Do You Ever Need to Leave Home Again?

In the information technology era, a person can conduct a full life without ever leaving the house. Is this a good thing?

The pandemic has rapidly accelerated something which was starting to take place across America and to some extent across the world: You really don’t need to ever leave home.

If you are a knowledge worker you can work from home. Why go to the office when you are more productive at home? You don’t need to go to the supermarket, you can do your grocery shopping from home. Your kids don’t need to go to a bricks and mortar school they can be schooled from home. You don’t need to shop at the mall because everything you need you can find online. Why travel when you can get almost the same experiences from a 3D video at home? You don’t need to go to the gym when you can buy a Peloton. Why go to a restaurant when the food from your favorite restaurant can be delivered to your home. You can now meet people online and may have what you consider a “good relationship” with someone but you may never meet them in person. People buy houses and rent apartments online before they ever step foot in them. Cars can be bought online and who needs a salesman? And the list could go on…

Is your shopping mall called Amazon and your restaurant called UberEATS or Doordash? If they are, you are headed down the road to being totally self-sufficient without ever leaving home. If you were a couch potato before, you can now not just be a potato but a whole garden.

Social Interaction

Information technology is redefining what it means to be a social being and the necessity for social skills. I’m not a sociologist, a psychiatrist, a therapist or any other “ist” so my thoughts are those of a “civilian” observer. I believe people are social beings by nature. Most people like to interact with other people. While we have our extroverts and introverts who interact in different ways, they are still interacting.

We interact at the grocery store in the aisles or in line to check out – not a major interaction, maybe just a smile, a comment or even a complaint. In the mall, we get to observe and comment upon the crazy kids who may be hanging out there or the outrageous clothes someone is wearing.

While this may not be a personal interaction with anyone, it’s an interaction with people. Going to a restaurant is interacting with other people at other tables. This doesn’t mean you have actual conversations with them, but you observe them and some may even leave you with an impression such as I couldn’t believe how much that guy was eating. 

Work is where the most extensive interactions can take place, at least that used to be the case. Work used to be the place where you often spent more time with people than you might spend with your kids or your spouse or significant other. The time at work plus your commute could take up a big part of each day.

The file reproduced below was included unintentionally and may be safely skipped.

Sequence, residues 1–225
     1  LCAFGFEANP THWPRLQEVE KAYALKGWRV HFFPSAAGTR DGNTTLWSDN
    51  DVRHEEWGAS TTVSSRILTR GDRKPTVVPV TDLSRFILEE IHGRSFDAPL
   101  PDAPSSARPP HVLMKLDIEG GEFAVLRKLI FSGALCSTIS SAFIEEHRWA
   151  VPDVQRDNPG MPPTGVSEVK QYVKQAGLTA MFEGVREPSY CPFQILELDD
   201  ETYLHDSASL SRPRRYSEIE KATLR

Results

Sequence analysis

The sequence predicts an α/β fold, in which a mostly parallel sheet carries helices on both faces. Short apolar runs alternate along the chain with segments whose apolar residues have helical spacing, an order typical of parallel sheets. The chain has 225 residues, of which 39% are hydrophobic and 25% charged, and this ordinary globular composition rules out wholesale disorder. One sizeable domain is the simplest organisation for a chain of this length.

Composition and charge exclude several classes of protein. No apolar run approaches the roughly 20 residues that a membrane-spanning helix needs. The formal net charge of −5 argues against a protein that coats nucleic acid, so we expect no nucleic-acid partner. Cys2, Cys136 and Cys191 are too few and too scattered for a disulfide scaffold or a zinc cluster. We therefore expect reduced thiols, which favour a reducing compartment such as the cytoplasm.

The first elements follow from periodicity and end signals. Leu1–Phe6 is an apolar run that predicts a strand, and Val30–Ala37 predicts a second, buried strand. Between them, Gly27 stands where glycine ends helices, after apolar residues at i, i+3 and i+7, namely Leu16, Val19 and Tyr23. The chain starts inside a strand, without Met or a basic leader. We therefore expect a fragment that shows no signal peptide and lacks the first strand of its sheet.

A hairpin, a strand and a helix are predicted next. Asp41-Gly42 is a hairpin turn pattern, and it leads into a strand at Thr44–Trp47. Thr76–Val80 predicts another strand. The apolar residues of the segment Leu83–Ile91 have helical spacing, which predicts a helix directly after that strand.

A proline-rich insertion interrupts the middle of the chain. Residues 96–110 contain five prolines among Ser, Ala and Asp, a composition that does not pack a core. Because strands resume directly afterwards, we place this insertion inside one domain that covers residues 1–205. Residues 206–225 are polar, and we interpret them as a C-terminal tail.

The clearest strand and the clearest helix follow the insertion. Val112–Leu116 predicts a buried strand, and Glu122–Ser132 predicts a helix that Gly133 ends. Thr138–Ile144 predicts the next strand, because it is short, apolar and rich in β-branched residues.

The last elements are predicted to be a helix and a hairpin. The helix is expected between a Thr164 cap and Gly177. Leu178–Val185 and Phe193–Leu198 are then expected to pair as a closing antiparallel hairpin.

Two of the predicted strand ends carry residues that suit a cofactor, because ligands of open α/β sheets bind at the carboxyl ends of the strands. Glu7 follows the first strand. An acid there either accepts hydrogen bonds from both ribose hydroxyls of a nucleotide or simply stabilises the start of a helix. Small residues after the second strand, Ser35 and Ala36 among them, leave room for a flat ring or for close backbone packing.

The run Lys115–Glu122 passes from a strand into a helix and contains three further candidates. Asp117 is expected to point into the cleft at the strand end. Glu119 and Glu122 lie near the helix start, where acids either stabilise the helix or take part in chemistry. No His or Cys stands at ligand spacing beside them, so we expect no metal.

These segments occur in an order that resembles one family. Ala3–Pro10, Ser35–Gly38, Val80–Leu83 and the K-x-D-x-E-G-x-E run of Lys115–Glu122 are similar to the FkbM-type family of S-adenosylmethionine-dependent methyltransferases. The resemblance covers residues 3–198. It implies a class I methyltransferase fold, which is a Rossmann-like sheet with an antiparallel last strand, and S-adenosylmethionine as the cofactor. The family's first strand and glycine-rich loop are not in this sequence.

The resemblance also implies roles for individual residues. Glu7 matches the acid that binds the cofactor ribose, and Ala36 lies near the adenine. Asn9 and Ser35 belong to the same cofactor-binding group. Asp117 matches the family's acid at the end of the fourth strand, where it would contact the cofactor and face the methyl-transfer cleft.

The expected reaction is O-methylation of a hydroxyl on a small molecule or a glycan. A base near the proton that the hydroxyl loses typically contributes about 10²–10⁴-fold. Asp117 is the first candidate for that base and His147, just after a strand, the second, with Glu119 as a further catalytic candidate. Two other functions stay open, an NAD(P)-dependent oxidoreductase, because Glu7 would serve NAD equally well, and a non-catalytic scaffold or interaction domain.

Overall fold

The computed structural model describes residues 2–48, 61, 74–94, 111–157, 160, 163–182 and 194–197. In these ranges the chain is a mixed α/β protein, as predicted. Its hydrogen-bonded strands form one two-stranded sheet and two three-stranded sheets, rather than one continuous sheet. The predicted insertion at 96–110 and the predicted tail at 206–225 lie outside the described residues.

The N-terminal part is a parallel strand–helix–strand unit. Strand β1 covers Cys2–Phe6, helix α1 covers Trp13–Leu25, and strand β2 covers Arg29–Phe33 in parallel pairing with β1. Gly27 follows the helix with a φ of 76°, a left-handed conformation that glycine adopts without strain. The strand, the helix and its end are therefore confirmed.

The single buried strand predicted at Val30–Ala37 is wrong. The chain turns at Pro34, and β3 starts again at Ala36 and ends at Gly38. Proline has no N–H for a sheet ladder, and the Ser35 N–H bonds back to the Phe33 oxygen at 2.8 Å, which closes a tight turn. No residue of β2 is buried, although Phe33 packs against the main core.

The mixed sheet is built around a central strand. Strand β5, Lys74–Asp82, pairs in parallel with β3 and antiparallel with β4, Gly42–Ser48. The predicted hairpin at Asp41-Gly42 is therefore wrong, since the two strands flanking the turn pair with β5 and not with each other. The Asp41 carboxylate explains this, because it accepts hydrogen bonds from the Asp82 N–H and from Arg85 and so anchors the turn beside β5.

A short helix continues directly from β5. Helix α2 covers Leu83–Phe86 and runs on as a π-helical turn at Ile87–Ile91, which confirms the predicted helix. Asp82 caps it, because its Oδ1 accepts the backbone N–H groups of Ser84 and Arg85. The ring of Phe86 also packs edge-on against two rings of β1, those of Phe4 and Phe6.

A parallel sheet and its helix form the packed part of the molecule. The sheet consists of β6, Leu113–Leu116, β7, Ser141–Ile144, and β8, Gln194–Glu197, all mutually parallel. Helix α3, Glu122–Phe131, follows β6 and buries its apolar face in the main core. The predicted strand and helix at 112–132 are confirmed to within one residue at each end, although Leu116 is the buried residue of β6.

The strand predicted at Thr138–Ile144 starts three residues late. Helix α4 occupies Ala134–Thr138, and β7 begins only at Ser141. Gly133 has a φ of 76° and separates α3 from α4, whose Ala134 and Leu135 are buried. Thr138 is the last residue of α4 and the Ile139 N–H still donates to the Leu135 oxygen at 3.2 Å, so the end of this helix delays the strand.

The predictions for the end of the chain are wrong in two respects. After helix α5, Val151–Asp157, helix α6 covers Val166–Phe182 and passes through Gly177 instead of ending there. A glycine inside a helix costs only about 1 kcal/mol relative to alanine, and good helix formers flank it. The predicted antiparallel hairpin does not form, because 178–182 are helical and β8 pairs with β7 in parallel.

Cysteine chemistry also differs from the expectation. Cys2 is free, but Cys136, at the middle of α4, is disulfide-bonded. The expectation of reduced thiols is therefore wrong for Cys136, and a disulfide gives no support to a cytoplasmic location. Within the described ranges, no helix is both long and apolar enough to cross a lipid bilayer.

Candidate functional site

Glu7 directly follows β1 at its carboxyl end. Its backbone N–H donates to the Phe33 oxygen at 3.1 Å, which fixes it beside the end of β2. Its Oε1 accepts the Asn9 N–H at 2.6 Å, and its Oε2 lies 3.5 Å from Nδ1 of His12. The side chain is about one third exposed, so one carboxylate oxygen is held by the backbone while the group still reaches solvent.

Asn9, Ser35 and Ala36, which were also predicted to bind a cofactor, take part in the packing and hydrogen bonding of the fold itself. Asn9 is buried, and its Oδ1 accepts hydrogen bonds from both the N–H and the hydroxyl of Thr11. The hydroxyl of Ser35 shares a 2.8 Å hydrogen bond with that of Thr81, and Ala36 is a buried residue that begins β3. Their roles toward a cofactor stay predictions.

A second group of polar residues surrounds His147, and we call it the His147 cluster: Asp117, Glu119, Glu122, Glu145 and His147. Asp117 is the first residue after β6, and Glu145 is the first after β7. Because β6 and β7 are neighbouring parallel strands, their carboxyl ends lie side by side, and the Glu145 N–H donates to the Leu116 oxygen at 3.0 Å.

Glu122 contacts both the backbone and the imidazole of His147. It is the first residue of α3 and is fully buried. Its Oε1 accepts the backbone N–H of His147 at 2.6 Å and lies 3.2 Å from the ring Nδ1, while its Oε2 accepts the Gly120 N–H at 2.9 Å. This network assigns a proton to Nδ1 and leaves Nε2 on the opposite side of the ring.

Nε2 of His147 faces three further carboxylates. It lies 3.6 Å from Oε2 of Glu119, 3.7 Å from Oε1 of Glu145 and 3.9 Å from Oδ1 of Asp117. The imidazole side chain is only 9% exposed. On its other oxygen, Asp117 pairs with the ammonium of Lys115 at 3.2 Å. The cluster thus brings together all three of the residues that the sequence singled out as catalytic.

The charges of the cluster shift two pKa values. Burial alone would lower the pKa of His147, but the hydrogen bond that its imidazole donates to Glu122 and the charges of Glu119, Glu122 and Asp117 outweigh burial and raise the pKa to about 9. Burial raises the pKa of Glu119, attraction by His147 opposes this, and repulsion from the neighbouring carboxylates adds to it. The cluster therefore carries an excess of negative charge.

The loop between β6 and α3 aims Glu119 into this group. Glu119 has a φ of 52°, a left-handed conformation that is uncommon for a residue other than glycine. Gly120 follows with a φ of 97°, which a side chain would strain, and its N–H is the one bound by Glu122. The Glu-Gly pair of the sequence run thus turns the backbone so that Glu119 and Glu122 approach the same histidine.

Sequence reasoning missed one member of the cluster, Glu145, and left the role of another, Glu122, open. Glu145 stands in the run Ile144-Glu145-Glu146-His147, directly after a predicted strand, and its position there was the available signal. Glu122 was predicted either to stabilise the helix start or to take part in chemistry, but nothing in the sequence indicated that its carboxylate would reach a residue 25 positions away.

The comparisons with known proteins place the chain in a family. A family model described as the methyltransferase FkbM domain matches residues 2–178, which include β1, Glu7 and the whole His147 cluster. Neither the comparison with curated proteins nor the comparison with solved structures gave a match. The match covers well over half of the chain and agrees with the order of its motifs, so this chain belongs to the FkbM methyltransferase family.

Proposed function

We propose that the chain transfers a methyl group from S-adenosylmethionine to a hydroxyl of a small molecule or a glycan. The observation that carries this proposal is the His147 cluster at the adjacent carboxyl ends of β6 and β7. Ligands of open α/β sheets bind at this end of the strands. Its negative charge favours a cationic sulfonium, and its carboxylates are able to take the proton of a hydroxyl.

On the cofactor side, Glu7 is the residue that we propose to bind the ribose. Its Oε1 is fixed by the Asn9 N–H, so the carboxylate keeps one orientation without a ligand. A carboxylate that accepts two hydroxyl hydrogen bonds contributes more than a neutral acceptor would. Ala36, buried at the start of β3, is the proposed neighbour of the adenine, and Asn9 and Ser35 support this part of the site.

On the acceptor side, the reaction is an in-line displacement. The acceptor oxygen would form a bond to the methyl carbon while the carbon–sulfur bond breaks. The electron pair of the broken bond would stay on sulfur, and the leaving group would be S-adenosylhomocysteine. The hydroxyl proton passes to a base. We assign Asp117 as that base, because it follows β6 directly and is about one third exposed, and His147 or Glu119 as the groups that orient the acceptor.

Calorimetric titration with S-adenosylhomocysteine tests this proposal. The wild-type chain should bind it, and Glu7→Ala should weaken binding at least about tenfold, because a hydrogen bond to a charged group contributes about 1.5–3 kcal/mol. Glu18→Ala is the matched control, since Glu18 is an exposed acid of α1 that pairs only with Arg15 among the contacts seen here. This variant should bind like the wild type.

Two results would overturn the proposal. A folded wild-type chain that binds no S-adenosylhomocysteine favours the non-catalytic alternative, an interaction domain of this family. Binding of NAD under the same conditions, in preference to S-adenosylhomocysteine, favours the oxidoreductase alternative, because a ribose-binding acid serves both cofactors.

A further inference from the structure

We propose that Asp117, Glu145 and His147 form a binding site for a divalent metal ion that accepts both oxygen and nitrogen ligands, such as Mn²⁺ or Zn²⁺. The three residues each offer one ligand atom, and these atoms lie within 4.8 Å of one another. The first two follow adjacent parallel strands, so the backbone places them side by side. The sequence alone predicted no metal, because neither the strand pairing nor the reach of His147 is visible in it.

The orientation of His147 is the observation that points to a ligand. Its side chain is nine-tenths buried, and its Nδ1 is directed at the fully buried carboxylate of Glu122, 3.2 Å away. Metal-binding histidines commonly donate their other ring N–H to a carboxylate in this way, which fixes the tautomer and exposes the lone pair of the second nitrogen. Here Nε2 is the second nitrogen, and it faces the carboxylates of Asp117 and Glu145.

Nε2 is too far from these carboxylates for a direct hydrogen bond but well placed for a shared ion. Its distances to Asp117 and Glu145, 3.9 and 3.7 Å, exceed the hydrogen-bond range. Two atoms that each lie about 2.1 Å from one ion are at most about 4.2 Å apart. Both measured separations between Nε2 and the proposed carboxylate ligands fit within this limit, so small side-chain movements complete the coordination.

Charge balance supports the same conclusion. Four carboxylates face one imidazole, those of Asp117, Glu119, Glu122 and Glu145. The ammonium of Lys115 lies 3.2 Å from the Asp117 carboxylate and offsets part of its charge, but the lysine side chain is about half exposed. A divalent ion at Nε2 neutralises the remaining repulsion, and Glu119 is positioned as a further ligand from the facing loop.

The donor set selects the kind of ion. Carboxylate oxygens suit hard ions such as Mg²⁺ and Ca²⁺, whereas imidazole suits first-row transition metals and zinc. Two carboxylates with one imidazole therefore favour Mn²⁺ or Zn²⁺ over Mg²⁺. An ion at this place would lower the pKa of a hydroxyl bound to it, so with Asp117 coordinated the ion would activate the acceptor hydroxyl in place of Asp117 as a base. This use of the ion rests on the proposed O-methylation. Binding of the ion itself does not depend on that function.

Telework is changing that for many workers, especially knowledge workers whose jobs are usually most adaptable to telework. If you take out the hours commuting, and for those of us who, as an example, have lived in Washington DC, that alone adds a considerable amount of time for things other than work. The employee also has more control over when the work is done and where it is done.

The benefits can be huge for the teleworking employee, but what are the bad things? Are office interactions important? You can Skype with fellow employees or do Facetime. You can have ZOOM or MS Team meetings. But are these electronic versions of people the same thing as seeing them in person?

Redefining the Role of the Workplace

We are at a place now where the role of the workplace is being redefined. As an administrator of a large government agency once said: “Work is what you do not where you do it.” What’s left out of that equation is who you do it with. What’s the right balance between working remotely and working in an office environment where you are interacting with people who are in the same physical space as you are?

The formula may vary from one workplace to another, but it must be an essential part of any approach to making a balance in an employee’s’ work life. There must be reasons to be in the office and there must be good use of that time.

It will take a different approach to managing. Employees may be very productive at home, but how can management add to that productivity when the employee is in the office? What can more successfully be done in the office with employees there in person than can be accomplished by the employee on their own? What value can be added by employees interacting in an office environment that can’t be achieved by ZOOM? These are some of the challenges of the new work environment of the future.


People will still want to go out to restaurants, but they now have an alternative. People will still go to the grocery store, but they now have an alternative. People will go to stores, but once again they now have an alternative. What will be interesting will be to see the balance between online shopping and food delivery once the fears of COVID-19 have fully subsided. People like to get out of the house or apartment, but they also like the convenience of having things delivered to them. It will be interesting to see if over the course of time the balance between telework and in office time retreats to more office time as the measurement of productivity becomes less shaded by the pandemic. 

About the Author

Joe Swerdzewski, former General Counsel of the FLRA & owner of JSA LLC is the author of The Essential Guide to Federal Labor Relations, A Guide to Successful Federal Sector Collective Bargaining, etc. For more info on JSA’s services, email or subscribe to JSA’s newsletter.